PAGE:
Summary: A study of Demas, a servant of God who quit when matters got tough.

2 TIMOTHY 4:10



“Demas ... has deserted me..” [1]

“Well begun is half done.” This adage was quoted on numerous occasions during an earlier day—I certainly was on the receiving end of the saying repeatedly during my childhood. I even made this statement to my own children. However, the old saw is only conditionally true. Regardless of how well one begins, if the individual quits before completing the race, he still loses. If they are to be considered winners, Christians must complete the race. Moreover, they must strive to excel throughout the contest. As the Apostle has written, “Do you not know that in a race all the runners run, but only one receives the prize? So run that you may obtain it” [1 CORINTHIANS 9:24].

How tragic, how pitiful is the Apostle’s summation of the manner in which one erstwhile Christian named Demas quit serving. He precipitously resigned his appointment before the Lord, quitting when the going got rough. Unlike Epaphroditus [see PHILIPPIANS 2:25-30], though enjoying a good reputation with other servants of the Risen Saviour, Demas shredded his reputation—he quit when the going got rough. In his final missive written to Timothy, Paul has written of this erstwhile servant of the Living God, “Demas, in love with this present world, has deserted me and gone to Thessalonica” [2 TIMOTHY 4:10]. That one sentence tells us more about the character of Demas than he might have wished to be revealed.

There is no indication that Demas was a lost individual. While there will always be weeds planted together with the Lord’s wheat, there is no indication in any of Paul’s letters that he questioned Demas’ salvation. Let’s be clear that just because an individual should cease to serve Christ, cease to walk in harmony with the people of God or cease to live boldly for the cause of Christ does not mean that they are unsaved. If such a person is a Christian, God will call that one to account. A believer does not cease to be saved because they are disobedient. They do, however, expose themselves to divine discipline. And that discipline can be severe.

While we do not know the outcome of Demas’ life or how God dealt with him following his defection, his life can still serve as a caution to those who long to honour the Lord Christ. Join me in a review of the life of Demas; he serves as a caution against quitting when the going gets tough. This is the question that looms before us—Can we quit when the going gets tough?

DEMAS: HIS SERVICE — Many Christians counted Demas as a trusted servant of the Risen Saviour. At first glance this is a stunning piece of information to Christians today. We are fully aware of the final statement concerning Demas; but that dark statement must be balanced against the instances when he was commended for his service with the Apostle. For instance, during his first imprisonment, Paul wrote a letter to the Christians of Colossae. As he drew that letter to a close, he included this statement: “Luke the beloved physician greets you, as does Demas” [COLOSSIANS 4:14]. Note that Demas was with the Apostle during his first imprisonment.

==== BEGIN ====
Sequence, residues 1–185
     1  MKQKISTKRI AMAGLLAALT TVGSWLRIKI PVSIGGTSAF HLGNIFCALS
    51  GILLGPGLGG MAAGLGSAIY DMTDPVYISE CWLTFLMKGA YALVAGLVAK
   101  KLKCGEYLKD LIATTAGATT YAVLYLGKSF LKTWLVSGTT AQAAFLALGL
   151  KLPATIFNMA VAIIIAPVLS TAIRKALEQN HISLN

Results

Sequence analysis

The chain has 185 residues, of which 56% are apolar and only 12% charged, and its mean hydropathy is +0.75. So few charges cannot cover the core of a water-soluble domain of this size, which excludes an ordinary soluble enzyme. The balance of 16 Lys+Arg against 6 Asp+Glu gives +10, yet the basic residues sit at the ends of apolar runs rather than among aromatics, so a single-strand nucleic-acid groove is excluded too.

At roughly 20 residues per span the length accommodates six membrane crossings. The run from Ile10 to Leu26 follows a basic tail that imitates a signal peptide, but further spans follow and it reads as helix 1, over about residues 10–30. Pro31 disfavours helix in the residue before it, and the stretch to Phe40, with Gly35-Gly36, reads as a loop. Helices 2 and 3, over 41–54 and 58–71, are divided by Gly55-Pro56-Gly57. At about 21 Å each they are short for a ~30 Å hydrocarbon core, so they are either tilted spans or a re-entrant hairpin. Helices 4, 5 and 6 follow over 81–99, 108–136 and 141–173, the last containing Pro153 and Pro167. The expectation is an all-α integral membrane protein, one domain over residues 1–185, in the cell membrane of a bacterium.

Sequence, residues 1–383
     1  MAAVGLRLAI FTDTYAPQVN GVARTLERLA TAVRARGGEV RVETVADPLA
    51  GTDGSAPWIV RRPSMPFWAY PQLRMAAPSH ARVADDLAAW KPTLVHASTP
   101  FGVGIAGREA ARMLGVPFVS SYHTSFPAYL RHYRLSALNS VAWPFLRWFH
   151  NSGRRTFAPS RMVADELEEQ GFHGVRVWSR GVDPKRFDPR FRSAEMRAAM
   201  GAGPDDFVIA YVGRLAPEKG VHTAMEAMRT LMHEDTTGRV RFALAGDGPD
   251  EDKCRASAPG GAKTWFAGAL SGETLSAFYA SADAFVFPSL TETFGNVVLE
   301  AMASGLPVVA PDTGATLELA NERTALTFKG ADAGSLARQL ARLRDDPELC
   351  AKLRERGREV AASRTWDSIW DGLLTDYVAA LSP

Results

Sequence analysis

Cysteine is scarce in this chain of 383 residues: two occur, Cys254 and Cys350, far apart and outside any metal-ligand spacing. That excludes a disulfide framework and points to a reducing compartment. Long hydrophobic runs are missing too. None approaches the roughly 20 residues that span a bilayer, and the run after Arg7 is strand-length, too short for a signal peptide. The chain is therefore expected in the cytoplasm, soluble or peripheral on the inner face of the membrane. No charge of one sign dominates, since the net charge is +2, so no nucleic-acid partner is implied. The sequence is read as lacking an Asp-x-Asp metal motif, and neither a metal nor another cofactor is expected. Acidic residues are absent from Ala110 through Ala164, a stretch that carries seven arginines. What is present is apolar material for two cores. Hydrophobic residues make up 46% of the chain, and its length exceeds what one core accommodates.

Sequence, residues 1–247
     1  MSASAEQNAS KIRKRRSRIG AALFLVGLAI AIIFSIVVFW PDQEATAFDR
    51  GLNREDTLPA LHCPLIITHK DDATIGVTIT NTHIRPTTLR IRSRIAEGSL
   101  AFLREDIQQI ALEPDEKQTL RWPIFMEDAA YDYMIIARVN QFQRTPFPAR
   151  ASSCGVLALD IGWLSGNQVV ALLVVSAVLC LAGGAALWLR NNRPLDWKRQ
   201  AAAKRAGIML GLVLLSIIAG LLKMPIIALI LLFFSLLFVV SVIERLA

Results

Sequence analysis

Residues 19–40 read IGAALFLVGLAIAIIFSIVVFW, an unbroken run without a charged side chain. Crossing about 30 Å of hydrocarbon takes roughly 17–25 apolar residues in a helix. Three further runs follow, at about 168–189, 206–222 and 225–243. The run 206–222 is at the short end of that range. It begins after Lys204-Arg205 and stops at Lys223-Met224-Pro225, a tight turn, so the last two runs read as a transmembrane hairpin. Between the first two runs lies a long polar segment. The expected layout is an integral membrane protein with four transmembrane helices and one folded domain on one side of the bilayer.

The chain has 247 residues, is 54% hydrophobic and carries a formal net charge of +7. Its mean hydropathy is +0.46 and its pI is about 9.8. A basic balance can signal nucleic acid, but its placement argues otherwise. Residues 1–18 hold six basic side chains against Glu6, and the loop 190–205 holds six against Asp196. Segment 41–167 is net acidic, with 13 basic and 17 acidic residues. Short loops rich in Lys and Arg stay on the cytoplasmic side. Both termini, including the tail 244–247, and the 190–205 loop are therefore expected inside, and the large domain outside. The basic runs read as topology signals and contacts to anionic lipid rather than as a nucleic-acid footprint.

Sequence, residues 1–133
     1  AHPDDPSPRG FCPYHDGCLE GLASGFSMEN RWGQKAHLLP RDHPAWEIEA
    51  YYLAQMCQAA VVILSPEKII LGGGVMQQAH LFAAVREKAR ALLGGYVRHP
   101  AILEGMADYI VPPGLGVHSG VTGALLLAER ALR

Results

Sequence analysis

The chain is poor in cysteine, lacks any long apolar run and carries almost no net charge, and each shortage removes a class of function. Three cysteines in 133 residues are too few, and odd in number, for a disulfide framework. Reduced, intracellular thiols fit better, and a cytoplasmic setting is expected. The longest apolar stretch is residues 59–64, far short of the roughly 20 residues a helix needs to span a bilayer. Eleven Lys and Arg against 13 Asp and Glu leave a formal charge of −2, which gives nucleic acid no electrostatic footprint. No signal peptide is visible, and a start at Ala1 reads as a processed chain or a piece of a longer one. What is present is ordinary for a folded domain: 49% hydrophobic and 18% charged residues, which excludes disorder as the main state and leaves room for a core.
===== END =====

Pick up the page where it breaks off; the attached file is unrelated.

Added to that statement is the Apostle’s recognition of Demas in his Letter to Philemon. The Letter to Philemon was written at the same time that the Letter to the Colossians was written. In that personal letter to Philemon, Paul includes recognition of those sharing his imprisonment. He wrote, “Epaphras, my fellow prisoner in Christ Jesus, sends greets to you, and so do Mark, Aristarchus, Demas and Luke, my fellow workers” [PHILEMON 23, 24]. In this instance, the aged saint not only names Demas as being present with him, but Paul identifies him as one of those noted as a “fellow worker.” Demas is named with other individuals whom we know to have been esteemed by the Apostle. While we may not say much about Epaphras or Aristarchus, we are on solid ground in giving recognition to Luke and Mark. These writers of the Gospels that bear their names were not only fellow workers together with the Apostle, but their service was highly valued.

Let’s refresh our memories concerning Paul’s first imprisonment. Paul had been seized by the Romans when his life was threatened by Jewish agitators. Paul had gone to Jerusalem with gifts for the impoverished saints. When he arrived, he met with James, the Pastor of the Jerusalem congregation, together with all the elders of the church [see ACTS 21:17, 18]. These elders had concerns about the impact of Paul’s visit to Jerusalem. Remember, though these early believers were Christians, they maintained the Jewish customs. No doubt the choice to act in this manner was in part to avoid provoking the Jews among whom they lived.

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